PRINT PREVIEW
send to printer

Concierge.com

Poland Nightlife

Egoist
Ul. Galczynskiego
Warsaw
Poland 00-372
Tel: 48 22 829 87 65

On a side street off Foksal, a spoiled-looking university-age crowd flocks to an unusually spare setting. There are no plush couches here, unlike the hybrid-lounge theme favored by many Warsaw nightspots. Drinks are a tad cheaper at $4, but there's a private "Hennessy Artistry" lounge where mysterious VIPs sit and chat behind a frosted-glass door. On the sound system, DJs spin the usual Eurodisco while the TV on the wall blares out the ubiquitous "Fashion TV." It feels young and fun, but beauty has its price: The lines outside the women's bathrooms are ridiculously long.

Enklawa
12 Ul. Mazowiecka
Warsaw
Poland 00-048
Tel: 48 22 827 3151
www.enklawa.com/

Perhaps the perfect combination of the elements that define Warsaw nightlife, Enklawa currently has the longest lines outside and the toughest door policy. Inside, mirrored pillars with backlit fuchsia marble accents and a bamboo-lined balcony blur the distinction between disco palace and tiki bar. The dance floor is full of young women in Warsaw's nightclub uniform of tank top, tight jeans, and high heels, dancing ecstatically. The men, as everywhere in Warsaw, tend to be older, if not necessarily wiser.

Foksal 19
19 Ul. Foksal
Warsaw
Poland 00-372
Tel: 48 60 276 2764
www.foksal19.pl

Typical of the watering holes where Warsaw's new rich go to drink and dance, Foksal 19 is designed within an inch of its life. A translucent marble bar and lamps covered in stitched black leather set the visual tone; loud, anonymous Central European dance music fills the ears. But the building itself still has some elegance, with its high ceilings and original moldings—it feels like an old bank that's been converted to nighttime use. The crowd leans heavily toward blondes in their late 30s, unlike the younger crowd that tends to frequent the Nowy Swiat/Foksal strip. Upstairs is a nightclub where the pretense of conversation disappears and the typical Warsaw hip-wagging dance is practiced by all.

Open Mondays through Saturdays from 6 pm.

Maska
4/6 Ul. Krakowskie Przedmiescie
Warsaw
Poland 00-333
Tel: 48 22 828 08 52
www.maska.pl

A basement club that feels like a speakeasy, with a smoky, R&B vibe. The crowd, like the music, is less frenetic (and less done-up), dancing on a tile floor under a low ceiling quilted in gold lamé, just one of the odd post-Soviet touches that give this club a sense of place. There's a wall of celebrity photos (local celebrities, it seems, to this untrained eye), and a general feeling of not quite having caught up to Warsaw's new-money celebration of itself.

Opera
1 Pl. Teatralny
Warsaw
Poland 00-077
Tel: 48 22 828 7075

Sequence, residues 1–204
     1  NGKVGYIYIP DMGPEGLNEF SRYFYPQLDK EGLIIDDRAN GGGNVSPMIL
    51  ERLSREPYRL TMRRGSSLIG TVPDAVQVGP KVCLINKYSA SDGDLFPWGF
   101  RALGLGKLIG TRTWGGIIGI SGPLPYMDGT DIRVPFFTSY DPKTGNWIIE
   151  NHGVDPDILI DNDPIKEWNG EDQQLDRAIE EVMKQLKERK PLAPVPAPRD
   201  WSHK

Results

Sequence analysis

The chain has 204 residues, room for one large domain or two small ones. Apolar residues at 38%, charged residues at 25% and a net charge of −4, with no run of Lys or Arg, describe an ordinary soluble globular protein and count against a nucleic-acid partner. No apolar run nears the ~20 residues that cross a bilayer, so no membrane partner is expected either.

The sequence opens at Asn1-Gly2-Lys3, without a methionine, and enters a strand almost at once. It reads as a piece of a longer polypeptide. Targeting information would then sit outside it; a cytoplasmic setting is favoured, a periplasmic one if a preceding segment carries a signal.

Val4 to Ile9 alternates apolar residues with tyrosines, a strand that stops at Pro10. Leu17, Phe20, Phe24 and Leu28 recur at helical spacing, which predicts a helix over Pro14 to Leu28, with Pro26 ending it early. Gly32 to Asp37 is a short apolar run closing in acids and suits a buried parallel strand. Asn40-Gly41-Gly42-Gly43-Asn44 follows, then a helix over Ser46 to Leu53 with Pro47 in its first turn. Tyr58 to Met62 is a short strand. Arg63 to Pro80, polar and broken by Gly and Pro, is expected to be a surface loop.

www.operaclub.pl

The basement of the city's hallowed opera house has been converted, at what looks to be great expense, to a vaguely Asian-themed den of excess. Long candlelit stone passageways with teak floors lead past alcoves where discrete groups sit in private lounges. The club's central area is a dance floor (music is a combination of World Music and Eurodisco) surrounded by several levels of couches on risers, as well as a water-pipe lounge at the back. There are Buddha heads scattered about and Eastern-style scrolls on the walls and pillars, but it's hard to tell exactly what the intended effect is, other than a general sense of exoticism and decadence. At this the place succeeds, with Warsaw's aging beautiful people relaxing on elegant sofas, looking like a picture of 19th-century debauchery. Entrance is $11 which includes a drink: Try the house's signature cocktail, the Green Frog, a refreshing mix of vodka, curaçao, and orange juice.

Open Fridays and Saturdays from 10 pm.

Pewex
22/28 Nowy Swiat
Warsaw
Poland 00-029
Tel: 48 22 826 5481

Housed in what feels like a concrete bunker in a maze of courtyards off Nowy Swiat is another speed of nightlife. Named after the tourist shops of the Soviet era that accepted only foreign culture, Pewex feels like a trip back through the '70s and '80s behind the Iron Curtain. The setting is a low-slung pair of rooms with murky porthole windows and dark brown 1970s graphic wallpaper as well as yellow globular lamps and plastic furniture. It's dark and intimate, with a relaxed crowd enjoying the DJ's choice of obscure electroclash. This place is a worthy alternative to the frantic strutting and fronting of Warsaw's main clubs.

Information may have changed since the date of publication. Please confirm details with individual establishments before planning your trip.